Editor’s Note: March 18, 2019

South Africa’s post-Zuma grace period is over

South Africa’s ruling African National Congress is facing a backlash over the inclusion of politicians linked to corruption under former president Jacob Zuma in its candidate list for general elections in May.

The move is at odds with anti-corruption rhetoric under his successor Cyril Ramaphosa, 
and the latest example of policy uncertainty that has shaken confidence in his pledge to turn around the country’s sluggish economy.

From a lack of clarity on contentious land reform, to plans to nationalize the central bank, the market is running out of patience.

Business confidence slumped to a two-year low in the first quarter, hitting Zuma-era levels, with ratings agency Fitch recently warning about currency volatility amid high inflation and low growth.

Meanwhile the World Bank has cut its growth forecast for the country, citing policy uncertainty as a contributing factor, with the economy growing at an anaemic 0.8% in 2018.

This comes ahead of a possible downgrade by Moody’s – the only major ratings agency to still have South Africa at investment grade –  at the end of March. This could see its government bonds removed from Citi’s World Government Bond Index, potentially resulting  in outflows of between $8bn – $10bn.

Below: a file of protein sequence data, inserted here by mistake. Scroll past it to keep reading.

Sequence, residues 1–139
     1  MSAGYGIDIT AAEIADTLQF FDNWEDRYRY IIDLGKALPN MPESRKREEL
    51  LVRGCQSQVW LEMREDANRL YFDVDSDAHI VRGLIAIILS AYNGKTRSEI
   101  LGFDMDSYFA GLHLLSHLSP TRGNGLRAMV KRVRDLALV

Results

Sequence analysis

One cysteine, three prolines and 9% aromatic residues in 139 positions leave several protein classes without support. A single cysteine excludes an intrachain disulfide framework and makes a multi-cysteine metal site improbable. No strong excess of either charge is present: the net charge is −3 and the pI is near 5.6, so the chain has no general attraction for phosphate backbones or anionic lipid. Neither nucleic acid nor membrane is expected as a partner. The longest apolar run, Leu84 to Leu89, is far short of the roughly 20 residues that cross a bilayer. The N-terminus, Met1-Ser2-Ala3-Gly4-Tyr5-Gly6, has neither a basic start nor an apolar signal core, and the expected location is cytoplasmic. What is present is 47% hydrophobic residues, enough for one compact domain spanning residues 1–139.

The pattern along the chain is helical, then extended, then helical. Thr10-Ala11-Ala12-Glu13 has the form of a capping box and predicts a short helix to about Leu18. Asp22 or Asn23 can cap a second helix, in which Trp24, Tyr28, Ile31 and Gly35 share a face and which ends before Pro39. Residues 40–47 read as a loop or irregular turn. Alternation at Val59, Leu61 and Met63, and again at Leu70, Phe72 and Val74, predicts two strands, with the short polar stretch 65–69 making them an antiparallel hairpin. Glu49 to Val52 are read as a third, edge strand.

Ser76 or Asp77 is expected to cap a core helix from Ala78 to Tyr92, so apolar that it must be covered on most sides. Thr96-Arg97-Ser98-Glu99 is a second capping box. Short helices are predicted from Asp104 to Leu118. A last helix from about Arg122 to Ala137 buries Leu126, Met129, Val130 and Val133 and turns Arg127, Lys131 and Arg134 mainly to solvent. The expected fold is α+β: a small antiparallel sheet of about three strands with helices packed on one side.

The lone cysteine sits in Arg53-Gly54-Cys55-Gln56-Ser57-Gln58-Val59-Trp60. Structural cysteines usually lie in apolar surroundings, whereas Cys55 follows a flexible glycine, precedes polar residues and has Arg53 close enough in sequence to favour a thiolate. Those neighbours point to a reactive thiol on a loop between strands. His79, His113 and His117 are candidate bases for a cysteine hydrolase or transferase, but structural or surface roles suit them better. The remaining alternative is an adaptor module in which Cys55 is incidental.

A downgrade may be avoided, but the message is clear – the post-Zuma grace period is over.

From The Continent

Algeria’s newly appointed prime minister, Noureddine Bedoui, has started talks to form a new government following longtime president Abdelaziz Bouteflika’s decision to abandon his bid for a fifth term. The announcement is likely aimed at calming unprecedented nationwide protests against his 20-year rule. More: Reuters


The head of Tanzania’s main opposition has called the country a ‘police state’ having been detained and jailed for three month. It’s the latest accusation of growing authoritarianism under president John Magufuli. MoreThe East African

The Daily Stat

59.39%

Zimbabwe’s year-on-year inflation in February, a ten-year high. More: Reuters

The Global Perspective

Japan is reportedly planning to propose new development assistance guidelines for the G20 when it hosts the group in June to counter the growing influence of China’s Belt and Road Trade initiative. Tokyo is expected to propose tighter conditions on infrastructure investment to encourage Beijing to follow international norms. More: Nikkei

Sudan has secured $300m in loans from the Abu Dhabi-based Arab Monetary Fund and Arab Trade Financing Program, part of government efforts to counter an acute economic crisis. This has helped trigger unprecedented nationwide protests against the 30-year rule of president Omar al-Bashir. More: AP

The Daily Follow